On 24 September 1934 Pope Pius XI sent his Vatican Secretary of State to Beuenos Aires to attend the International Eucharistic Congress.

At the time Eugenio Pacelli (who would become Pope Pius XII in 1939) was fifty-eight-years-0ld. He had served as Scretrary of State in the Vatican for four years and was Pius XI’s chosen protege to succeed him as Pope.

Pacelli’s trip is remarkable, not so much for any theological impact it had in the church or for its diplomatic importance in international affairs. It is important because of the position of the Roman Catholic church in the world that the trip symbolizes. The Roman Catholic Church in 1934 gave the impression of having a measure of power and influence that today is unimaginable.

In his book, Hitler’s Pope, journalist John Cornwell describes Pacelli’s trip. The description raises a number of questions.

How did any church committed to the simple austere life Jesus lived, ever become this imperialistic, grandiose, show? How, 80 years later, is the church to recover and function in a world where its influence, power, and prestige have all been so profoundly diminished?

Just think about this scene. And remember, although the picture below is Pacelli after he became Pope, the scene Cornwell describes is not a picture of Pacelli as Pope; it is merely the Pope’s Secretary of State:

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Pius XII

With the papal flag snapping form the masthead, he sailed from Genoa on September 24 on the Italian liner Conte Grande to peals of the city’s bells, the playing of bands, and the cheers of crowds that thronged the dockside to receive Pacelli’s blessing as if it were the benediction of the Pope himself. His quarters in the stern of the ship included a private chapel, an office, a drawing room, and two further staterooms. His office was fitted out with a huge desk and a portion of his personal library. A radio-telephone had been installed  so that he could remain in touch with the Secretariat. Quartered in other parts of the ship were a retinue of secretaries, four bishops, various Latin American diplomats, and representatives of religious orders. As well as Monsignor Kass, who had become a factotum in the extensive ambit of the Secretariat of State, he had brought along his nieces Elisabetta’s daughter. The press described the vessel as a “floating cathedral.”

According to reports of the voyage, Pacelli never showed himself once to the passengers, still less mixed with them, except for the day when the ship reached the equator. Instead of the usual ribald crossing-the-line carnival, Pacelli decreed a religious service. Emerging from below in robes of gold cloth, he processed the length of the ship with all his prelates and acolytes and paused to bless the four quarters of the Atlantic.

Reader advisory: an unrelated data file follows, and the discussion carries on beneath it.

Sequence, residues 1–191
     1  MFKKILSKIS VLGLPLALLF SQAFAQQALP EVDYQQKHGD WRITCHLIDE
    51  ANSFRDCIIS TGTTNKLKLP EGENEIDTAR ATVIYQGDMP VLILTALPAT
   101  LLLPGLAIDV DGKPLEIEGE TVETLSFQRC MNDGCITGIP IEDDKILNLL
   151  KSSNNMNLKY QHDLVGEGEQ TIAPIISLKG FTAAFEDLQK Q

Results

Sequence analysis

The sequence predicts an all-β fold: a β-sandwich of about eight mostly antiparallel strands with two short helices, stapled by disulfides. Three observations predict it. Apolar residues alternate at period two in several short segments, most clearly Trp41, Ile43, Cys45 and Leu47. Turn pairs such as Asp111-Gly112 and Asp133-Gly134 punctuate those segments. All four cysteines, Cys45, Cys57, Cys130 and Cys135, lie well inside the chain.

As the ship approached Buenos Aires after a voyage of two weeks, the Argentine president, General Agustin Pedro Justo, came aboard from the battleship 25 de May to greet Pacelli thus, “your Eminence, I salute in the person of a papal legate the foremost sovereign of the world, before whose spiritual authority all other sovereigns prostrate themselves in veneration.”

Drawn in a ceremonial coach and showered with flowers from every balcony, Pacelli entered the city like an emperor. In the five days that followed, he impressed the citizens of Argentina’s capital with his El Greco-like visage and concentrated piety. Conversations about the politics of the region with various government and diplomatic officials punctuated protracted processions and services conducted in the Parco Palermo, where see-through bulletproof screens sheltered the altar and Pacelli’s throne. A wheeled contraption drawn by hundreds of priests in white robes bore Pacelli through the streets of Buenos Aires as he knelt before the exposed Eucharist.

A revealing incident occurred on an evening when Pacelli was invited to attend a performance of Refice’s Cecilia at the Colon theater. Pacelli at the last moment decided instead to take a flight in an airplane over the city. As photographs of the incident attest, he sat bolt-upright during the flight reading his breviary. The following evening he repeated the experience, this time in a military aircraft, which he preferred for its speed. ….

On the return journey, he stopped at Montevideo to bless the faithful multitudes on the dockside, then proceeded to Rio de Janeiro where he was greeted as a visiting head of state by the president and government. Escorted to the summit of the hill above Rio on which stands the Redemptore statue – its arms outstretched, a posture Pacelli would emulate in years to come – he blessed the land of Brazi in the name of the Holy Father. His departure for home was attended by gun salutes from shore batteries, aerial fly-pasts, and squadrons of naval escorts sounding their horns.

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There may be those who long for a return to the days of Eugenio Pacelli. Some may yearn to recover the glory and influence the church once appears to have held in world affairs. While it is not entirely clear that the church ever actually exerted the degree of influence that Pacelli’s trip to Buenos Aires might appear to signal, it is certainly clear those days are now long past.

Whatever the historical influence of the church may have been in the early decades of the twentieth century, the church in the early years of the twenty-first century finds itself increasingly at the margins of society. This can only be good news for an institution that seeks to embody the values of Jesus who “had no place to lay his head” (Luke 9:58).

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